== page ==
ARLINGTON, Va. — “No one has greater love than this, to lay down one’s life for one’s friends.”
These words, while not identical in language to the oath every military member swears on entering the service, are identical in substance.
And at Arlington National Cemetery, Catholic chaplains have a special mission to provide last rites for those who gave their lives for their country.
Though the cemetery is located in Arlington County, it is controlled by the U.S. Department of the Army, and its spiritual care falls under the jurisdiction of the U.S. Archdiocese for the Military Services.
However, many parish priests in Northern Virginia, with its sizable military population, have conducted funerals at the cemetery, as the families of fallen military members can request that their parish priest offer the funeral — with special permission from the military archdiocese.
Msgr. John C. Cregan, retired pastor of Blessed Sacrament Church in Alexandria, Va., said he has presided at several for military people from his parish.
The priest, who served as an officer in the U.S. Marine Corps for 22 years before he was ordained, said every time he conducts a military funeral, it is “very, very moving.”
“A lot of young military guys don’t consciously think of this, but when you raise your right hand in an oath, you’re placing your life on the line for other people,” Msgr. Cregan said. “It’s very important that we don’t forget the people that have made great sacrifices for the values we cherish … as Catholic Americans.”
There are four priests currently assigned to Arlington National Cemetery — two from the U.S. Army, and one each from the U.S. Navy and the U.S. Air Force — who conduct the bulk of the Catholic funerals there. The Navy chaplain also covers funerals for the Marine Corps and the Coast Guard.
Father David Kirk, an Army chaplain who holds the rank of major, is the senior Catholic priest among them.
On any given day, an average of 25 to 30 funerals are performed at Arlington National Cemetery. In the year and a half Father Kirk has been assigned to the cemetery, he said he’s performed between 600 and 700 funerals, and as many as five in a day.
Funeral Masses are celebrated in the Old Post Chapel at the cemetery, though due to time constraints the rites are typically shortened, Father Kirk said. Afterward, the chaplain will walk with the family to the grave site.
“It’s a very important ministry for the families and for us also, as priests, to be there for the family in such a situation and occasion,” said Father Nelson Ogwuegbu, an Air Force chaplain who holds the rank of captain. “It’s very consoling (for them) to get here and find a priest who most of the time is wearing the same uniform that your loved one wore.”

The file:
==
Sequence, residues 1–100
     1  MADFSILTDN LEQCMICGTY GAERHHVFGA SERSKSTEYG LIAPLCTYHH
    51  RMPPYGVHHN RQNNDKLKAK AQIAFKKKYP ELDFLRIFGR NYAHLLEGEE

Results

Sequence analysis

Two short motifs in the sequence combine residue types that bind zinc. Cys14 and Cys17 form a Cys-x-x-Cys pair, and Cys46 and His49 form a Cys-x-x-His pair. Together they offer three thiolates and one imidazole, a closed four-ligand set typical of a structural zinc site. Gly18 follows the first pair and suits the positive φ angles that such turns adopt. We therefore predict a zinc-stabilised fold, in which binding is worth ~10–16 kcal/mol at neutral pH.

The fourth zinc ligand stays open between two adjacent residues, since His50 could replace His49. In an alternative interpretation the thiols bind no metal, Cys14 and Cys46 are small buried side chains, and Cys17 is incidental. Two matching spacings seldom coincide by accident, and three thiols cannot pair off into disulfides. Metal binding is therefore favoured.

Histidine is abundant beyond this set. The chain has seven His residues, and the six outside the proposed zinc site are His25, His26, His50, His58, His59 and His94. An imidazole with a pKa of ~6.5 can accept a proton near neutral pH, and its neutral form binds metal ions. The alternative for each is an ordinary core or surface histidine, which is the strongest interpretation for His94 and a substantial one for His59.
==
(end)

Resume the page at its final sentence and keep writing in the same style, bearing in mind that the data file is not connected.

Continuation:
Because of an extensive backlog and waitlist, families of fallen service members often have to wait at least a year to have their loved one buried at Arlington National Cemetery, Father Kirk told the Arlington Catholic Herald, the diocesan newspaper.
When he makes contact with the families to start arranging details for the funeral, he said he receives a wide variety of responses.
“Families have said your sense of being able to have closure and move on doesn’t happen as soon with Arlington,” Father Kirk said of the wait to get in at the cemetery.
“Then with those who have started making closure, it does open things back up again,” he explained. “But for a number of families, it opens things back up in a happy way — we’re now going to be able to bury our loved one and fulfill their wishes. For many people, you can almost sense on the phone that sense of relief to them that they’ve finally got to this point.”
While the ministry of an average parish priest might involve many different things, the Arlington National Cemetery priests spend the majority of their time consoling those who are grieving.
Father Kirk said military chaplains have a threefold call: “Nurture the living, care for the wounded, honor the dead.”
“At Arlington, we certainly honor the dead, but we also take care of the wounded — and wounded doesn’t always have to be physical wounds. They can be emotional and spiritual wounds,” Father Kirk said.
“We care for and nurture the living, which are the soldiers who we are with and the family members that come here for the funerals,” he said.
“It’s such a blessing to be able to be at Arlington, because of how unique of a place this is,” he added. “It’s such a beautiful assignment.”
The author, Matt Riedl, is a multimedia producer at the Arlington Catholic Herald, newspaper of the Diocese of Arlington.